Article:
Schizophrenia is a severe form of mental illness. It is typically a severe mental disorder which directly affects how the individual thinks, behaves and experiences emotion. Schizophrenia sufferers often seem to have lost touch with reality.
While it isn’t as common as other mental health problems, the common symptoms like hallucinations, delusions, trouble concentrating, movement issues, and confusing thoughts can be very disabling. Left untreated it can severely hamper an individual’s quality of life, with the potential to make them harmful to themselves and others.
Biological Psychiatry Examines The Impact Of A Father’s Age On Schizophrenia Risk For His Children
New research published in Biological Psychiatry found that advanced paternal age can potentially increase the risk factors for schizophrenia in offspring of males with undiagnosed or early-onset schizophrenia. Until recently the association between paternal age and the risk in children has not been clear.
The Biological Psychiatry journal is the official publication used by the Society of Biological Psychiatry. Their primary purpose is to promote improvements in scientific research as well as education for investigating the nature, causes, mechanisms, and relevant treatment for disorders of thought, behavior, and emotion.
The journal prides itself on publishing novel results related to original research that represents an important new lead or significant impact on the field. They particularly focus on topics which address genetic and environmental risk factors.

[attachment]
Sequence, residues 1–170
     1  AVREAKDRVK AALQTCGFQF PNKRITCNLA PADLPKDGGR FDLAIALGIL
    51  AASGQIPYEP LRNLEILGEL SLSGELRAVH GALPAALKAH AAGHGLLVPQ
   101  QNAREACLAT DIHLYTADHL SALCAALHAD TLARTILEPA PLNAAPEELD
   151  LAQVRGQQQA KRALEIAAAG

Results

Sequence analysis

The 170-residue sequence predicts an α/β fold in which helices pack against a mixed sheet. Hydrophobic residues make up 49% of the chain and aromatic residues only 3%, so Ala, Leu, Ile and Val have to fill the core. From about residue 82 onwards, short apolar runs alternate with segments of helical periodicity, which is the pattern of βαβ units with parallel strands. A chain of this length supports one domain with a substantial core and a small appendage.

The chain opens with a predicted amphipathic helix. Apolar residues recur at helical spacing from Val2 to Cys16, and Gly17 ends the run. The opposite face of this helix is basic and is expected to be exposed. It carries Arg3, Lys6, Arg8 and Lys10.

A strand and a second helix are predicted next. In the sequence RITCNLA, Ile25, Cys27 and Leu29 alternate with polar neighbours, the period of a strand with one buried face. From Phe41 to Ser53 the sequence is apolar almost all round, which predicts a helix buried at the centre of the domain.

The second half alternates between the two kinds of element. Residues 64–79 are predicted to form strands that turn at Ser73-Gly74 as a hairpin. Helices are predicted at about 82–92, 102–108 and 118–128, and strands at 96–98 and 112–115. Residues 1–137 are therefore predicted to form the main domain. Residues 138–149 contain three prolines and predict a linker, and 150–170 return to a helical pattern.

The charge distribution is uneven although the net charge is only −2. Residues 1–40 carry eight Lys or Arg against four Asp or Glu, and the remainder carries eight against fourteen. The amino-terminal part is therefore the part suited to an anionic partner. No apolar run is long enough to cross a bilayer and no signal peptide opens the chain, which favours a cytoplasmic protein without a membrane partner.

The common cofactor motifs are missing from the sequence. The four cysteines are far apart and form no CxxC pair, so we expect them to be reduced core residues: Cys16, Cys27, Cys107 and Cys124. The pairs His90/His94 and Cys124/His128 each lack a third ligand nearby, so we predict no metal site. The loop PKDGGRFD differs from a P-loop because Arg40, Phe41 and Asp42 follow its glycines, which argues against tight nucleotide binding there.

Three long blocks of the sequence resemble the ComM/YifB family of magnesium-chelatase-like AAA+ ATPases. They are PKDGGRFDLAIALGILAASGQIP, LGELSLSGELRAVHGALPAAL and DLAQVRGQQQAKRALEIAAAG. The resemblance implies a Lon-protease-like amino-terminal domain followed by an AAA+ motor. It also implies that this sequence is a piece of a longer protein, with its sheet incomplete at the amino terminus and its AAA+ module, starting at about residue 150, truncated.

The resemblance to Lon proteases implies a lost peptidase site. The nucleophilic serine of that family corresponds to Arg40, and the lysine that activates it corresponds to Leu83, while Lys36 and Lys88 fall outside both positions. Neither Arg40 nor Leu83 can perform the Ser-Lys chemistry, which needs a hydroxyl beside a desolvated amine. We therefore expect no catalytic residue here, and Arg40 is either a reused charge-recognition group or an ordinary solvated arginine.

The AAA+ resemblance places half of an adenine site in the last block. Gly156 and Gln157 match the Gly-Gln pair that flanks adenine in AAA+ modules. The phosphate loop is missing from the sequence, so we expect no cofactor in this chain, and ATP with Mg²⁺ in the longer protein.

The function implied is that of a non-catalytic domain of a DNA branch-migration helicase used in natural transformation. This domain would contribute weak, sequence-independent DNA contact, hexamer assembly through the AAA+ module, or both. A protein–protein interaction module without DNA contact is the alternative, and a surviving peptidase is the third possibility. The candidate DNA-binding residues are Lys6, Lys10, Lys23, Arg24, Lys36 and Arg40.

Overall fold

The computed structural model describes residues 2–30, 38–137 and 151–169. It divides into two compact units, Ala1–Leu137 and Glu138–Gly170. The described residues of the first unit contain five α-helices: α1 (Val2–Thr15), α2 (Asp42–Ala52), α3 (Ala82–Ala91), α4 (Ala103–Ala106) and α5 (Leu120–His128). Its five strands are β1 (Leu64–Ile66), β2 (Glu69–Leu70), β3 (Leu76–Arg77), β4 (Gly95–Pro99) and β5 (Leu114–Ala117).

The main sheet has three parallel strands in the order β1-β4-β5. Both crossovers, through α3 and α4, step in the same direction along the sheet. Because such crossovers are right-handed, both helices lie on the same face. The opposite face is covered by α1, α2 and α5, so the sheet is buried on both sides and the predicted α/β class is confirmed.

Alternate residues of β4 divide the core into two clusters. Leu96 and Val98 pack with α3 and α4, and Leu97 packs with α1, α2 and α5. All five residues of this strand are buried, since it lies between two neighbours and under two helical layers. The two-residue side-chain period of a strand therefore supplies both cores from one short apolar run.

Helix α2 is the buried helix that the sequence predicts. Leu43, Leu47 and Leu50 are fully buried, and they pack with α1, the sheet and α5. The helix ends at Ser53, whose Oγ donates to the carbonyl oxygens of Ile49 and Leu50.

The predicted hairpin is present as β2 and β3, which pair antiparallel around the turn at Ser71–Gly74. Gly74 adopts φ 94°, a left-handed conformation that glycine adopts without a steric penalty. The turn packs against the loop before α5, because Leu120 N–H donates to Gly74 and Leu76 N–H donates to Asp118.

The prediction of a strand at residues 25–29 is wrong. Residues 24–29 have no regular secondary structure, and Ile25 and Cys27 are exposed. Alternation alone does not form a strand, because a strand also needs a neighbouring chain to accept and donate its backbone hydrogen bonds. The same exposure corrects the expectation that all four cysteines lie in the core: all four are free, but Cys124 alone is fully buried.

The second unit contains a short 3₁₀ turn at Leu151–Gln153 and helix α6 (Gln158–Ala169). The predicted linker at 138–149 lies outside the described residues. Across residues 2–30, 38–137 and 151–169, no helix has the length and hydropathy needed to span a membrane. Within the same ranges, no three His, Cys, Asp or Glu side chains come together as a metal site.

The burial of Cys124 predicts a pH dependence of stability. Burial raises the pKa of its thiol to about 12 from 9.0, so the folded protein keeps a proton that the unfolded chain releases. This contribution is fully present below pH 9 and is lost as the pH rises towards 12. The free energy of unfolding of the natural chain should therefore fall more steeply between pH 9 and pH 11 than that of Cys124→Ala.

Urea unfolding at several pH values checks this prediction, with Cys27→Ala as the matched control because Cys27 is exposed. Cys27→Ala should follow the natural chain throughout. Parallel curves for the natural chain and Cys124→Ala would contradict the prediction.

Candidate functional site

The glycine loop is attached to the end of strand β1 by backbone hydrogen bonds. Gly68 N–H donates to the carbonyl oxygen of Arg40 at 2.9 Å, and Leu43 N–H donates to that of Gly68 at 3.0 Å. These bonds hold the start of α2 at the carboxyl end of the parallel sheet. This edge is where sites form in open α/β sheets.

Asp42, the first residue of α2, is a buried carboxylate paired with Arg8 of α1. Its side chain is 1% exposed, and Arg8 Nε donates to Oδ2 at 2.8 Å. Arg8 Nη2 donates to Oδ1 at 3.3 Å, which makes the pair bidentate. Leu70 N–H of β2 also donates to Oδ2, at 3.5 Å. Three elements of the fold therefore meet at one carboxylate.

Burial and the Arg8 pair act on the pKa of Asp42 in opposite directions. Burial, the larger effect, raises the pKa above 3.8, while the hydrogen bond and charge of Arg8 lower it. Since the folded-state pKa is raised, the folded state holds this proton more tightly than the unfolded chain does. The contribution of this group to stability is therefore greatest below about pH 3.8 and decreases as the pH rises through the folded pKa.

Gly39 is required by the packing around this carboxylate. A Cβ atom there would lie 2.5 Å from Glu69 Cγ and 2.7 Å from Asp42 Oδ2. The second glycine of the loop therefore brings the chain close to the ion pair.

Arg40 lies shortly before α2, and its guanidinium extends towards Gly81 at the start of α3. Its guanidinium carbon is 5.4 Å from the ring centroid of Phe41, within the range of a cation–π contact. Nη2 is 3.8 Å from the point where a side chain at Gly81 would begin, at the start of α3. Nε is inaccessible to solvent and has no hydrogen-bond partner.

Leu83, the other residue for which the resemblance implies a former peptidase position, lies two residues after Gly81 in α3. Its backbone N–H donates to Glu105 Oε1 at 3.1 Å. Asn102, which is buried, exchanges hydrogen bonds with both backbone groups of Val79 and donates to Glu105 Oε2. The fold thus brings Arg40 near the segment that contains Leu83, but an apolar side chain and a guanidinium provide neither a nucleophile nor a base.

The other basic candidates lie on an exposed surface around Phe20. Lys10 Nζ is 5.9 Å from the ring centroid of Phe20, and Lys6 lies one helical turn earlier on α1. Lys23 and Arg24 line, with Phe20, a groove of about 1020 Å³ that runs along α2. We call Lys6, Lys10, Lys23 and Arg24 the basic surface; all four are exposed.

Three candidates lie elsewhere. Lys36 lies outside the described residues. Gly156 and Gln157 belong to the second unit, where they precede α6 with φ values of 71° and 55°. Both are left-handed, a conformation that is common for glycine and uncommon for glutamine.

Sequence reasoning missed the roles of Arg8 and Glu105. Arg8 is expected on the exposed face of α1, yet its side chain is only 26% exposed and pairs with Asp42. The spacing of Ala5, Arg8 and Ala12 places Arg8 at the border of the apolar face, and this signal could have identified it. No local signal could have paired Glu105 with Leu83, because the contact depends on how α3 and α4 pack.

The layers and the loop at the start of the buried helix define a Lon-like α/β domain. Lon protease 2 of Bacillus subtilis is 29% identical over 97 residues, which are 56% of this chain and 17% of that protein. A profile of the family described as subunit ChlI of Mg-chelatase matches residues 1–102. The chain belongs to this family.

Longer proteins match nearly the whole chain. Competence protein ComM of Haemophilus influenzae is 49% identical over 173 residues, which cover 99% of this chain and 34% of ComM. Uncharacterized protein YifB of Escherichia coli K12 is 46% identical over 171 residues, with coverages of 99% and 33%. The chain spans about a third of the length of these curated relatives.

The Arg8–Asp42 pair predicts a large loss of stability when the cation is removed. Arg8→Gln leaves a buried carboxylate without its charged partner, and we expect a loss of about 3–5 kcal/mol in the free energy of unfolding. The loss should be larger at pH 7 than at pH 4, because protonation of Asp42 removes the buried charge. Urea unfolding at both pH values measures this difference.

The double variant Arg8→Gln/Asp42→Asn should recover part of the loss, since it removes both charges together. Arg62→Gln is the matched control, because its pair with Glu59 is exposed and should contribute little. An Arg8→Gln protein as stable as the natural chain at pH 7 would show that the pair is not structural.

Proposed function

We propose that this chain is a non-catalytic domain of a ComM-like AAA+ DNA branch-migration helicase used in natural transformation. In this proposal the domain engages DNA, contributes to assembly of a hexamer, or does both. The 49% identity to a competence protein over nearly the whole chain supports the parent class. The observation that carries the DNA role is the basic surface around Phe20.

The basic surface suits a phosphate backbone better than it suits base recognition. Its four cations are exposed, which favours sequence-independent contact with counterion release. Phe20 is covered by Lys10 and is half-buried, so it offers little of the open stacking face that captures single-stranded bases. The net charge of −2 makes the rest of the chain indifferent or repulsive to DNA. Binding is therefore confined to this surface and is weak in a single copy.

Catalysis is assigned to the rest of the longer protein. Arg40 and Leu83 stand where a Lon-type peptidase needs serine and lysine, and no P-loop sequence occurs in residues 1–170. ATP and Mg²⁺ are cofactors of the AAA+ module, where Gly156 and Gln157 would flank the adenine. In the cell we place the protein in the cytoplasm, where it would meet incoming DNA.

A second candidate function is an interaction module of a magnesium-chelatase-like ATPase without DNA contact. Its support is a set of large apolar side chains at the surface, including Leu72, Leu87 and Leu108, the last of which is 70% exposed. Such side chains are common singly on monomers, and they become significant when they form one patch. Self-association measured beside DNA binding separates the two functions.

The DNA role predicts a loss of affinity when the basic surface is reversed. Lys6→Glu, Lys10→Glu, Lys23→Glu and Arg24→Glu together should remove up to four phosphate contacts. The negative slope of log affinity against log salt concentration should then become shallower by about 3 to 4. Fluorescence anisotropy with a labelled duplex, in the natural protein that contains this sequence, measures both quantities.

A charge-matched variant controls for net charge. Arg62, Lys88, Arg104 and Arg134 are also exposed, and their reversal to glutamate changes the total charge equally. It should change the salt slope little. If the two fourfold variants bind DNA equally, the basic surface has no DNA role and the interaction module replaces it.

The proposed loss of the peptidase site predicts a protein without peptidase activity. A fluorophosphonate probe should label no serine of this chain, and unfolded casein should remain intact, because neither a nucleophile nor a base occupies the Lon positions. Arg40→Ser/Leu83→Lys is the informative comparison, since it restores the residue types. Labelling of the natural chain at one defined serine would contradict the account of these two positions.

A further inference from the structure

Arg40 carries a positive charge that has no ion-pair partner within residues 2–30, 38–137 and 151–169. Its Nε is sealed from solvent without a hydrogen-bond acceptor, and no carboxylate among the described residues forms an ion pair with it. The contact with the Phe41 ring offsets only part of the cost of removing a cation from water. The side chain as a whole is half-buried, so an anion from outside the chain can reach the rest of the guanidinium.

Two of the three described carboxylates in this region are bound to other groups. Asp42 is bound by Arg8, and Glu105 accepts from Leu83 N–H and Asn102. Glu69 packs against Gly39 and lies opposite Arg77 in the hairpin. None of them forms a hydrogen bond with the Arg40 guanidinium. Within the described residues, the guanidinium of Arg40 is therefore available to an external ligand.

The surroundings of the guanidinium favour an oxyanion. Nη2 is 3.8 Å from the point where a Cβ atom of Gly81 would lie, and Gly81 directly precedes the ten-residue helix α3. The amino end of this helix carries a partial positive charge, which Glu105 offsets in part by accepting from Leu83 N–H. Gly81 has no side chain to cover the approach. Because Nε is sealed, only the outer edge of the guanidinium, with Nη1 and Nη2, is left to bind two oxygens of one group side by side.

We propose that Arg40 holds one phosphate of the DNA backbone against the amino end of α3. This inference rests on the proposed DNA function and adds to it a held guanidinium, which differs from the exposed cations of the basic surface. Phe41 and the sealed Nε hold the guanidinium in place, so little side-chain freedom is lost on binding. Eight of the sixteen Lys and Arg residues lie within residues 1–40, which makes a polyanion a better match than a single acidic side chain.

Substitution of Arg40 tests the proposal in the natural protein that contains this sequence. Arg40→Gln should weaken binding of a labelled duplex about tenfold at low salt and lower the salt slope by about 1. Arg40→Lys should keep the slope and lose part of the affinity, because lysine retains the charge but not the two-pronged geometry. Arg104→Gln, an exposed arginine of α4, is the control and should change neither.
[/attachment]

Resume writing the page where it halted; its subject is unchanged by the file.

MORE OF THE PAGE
Biological Psychiatry is seen as one of the most selective and most frequently cited journals in the field of psychiatry. It’s currently ranked 6th out of 142 other psychiatry titles in the Neurosciences field.
Detangling The Factors That Contribute To Early Onset Schizophrenia Risk
Yet this isn’t the first time that advanced paternal age has been linked to some degree with increased schizophrenia risk in offspring. It’s merely been challenging to disentangle other factors from the effects related to the age of the father In one such case the father’s age was considered to be spurious as he was late into fatherhood and it could have potentially reflected his existing genetic predisposition to schizophrenia, which could be carried onto his offspring regardless of age factors.
Recent technological advancements in genotyping have allowed for schizophrenia predisposition to be estimated more accurately. This includes a careful process of combining individual contributions with the genetic variations associated with schizophrenia. The scope of the information encompasses the entire genome, which yields a polygenic risk score. This helps specialists in the field to more accurately predict the risk of developing schizophrenia.
The researchers determined that the polygenic risk scores for the over 1,600 parents with some degree of schizophrenia. This was then used to estimate the maternal and paternal predispositions to this mental health disorder. Men who had their first child later in life tended to have increased polygenic risk for schizophrenia.
In one such study conducted at the Medical University in Taichung in China, used data sets with control groups that were established for parental polygenic risk scores, with a 10-year delay in paternal age. This yielded an increased risk for early-onset schizophrenia in the offspring by just over 30%.